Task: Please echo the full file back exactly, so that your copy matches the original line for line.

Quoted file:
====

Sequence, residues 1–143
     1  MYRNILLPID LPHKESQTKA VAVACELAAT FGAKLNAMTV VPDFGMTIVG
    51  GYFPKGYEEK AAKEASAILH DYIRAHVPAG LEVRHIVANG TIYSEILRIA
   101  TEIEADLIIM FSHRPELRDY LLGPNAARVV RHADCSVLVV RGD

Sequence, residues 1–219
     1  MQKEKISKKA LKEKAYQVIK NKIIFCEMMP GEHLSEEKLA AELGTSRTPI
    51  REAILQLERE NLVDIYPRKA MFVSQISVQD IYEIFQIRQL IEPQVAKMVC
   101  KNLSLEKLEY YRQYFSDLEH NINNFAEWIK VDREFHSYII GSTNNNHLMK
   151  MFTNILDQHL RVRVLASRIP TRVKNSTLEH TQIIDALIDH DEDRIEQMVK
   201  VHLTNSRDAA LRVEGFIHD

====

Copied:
Sequence, residues 1–143
     1  MYRNILLPID LPHKESQTKA VAVACELAAT FGAKLNAMTV VPDFGMTIVG
    51  GYFPKGYEEK AAKEASAILH DYIRAHVPAG LEVRHIVANG TIYSEILRIA
   101  TEIEADLIIM FSHRPELRDY LLGPNAARVV RHADCSVLVV RGD

Sequence, residues 1–219
     1  MQKEKISKKA LKEKAYQVIK NKIIFCEMMP GEHLSEEKLA AELGTSRTPI
    51  REAILQLERE NLVDIYPRKA MFVSQISVQD IYEIFQIRQL IEPQVAKMVC
   101  KNLSLEKLEY YRQYFSDLEH NINNFAEWIK VDREFHSYII GSTNNNHLMK
   151  MFTNILDQHL RVRVLASRIP TRVKNSTLEH TQIIDALIDH DEDRIEQMVK
   201  VHLTNSRDAA LRVEGFIHD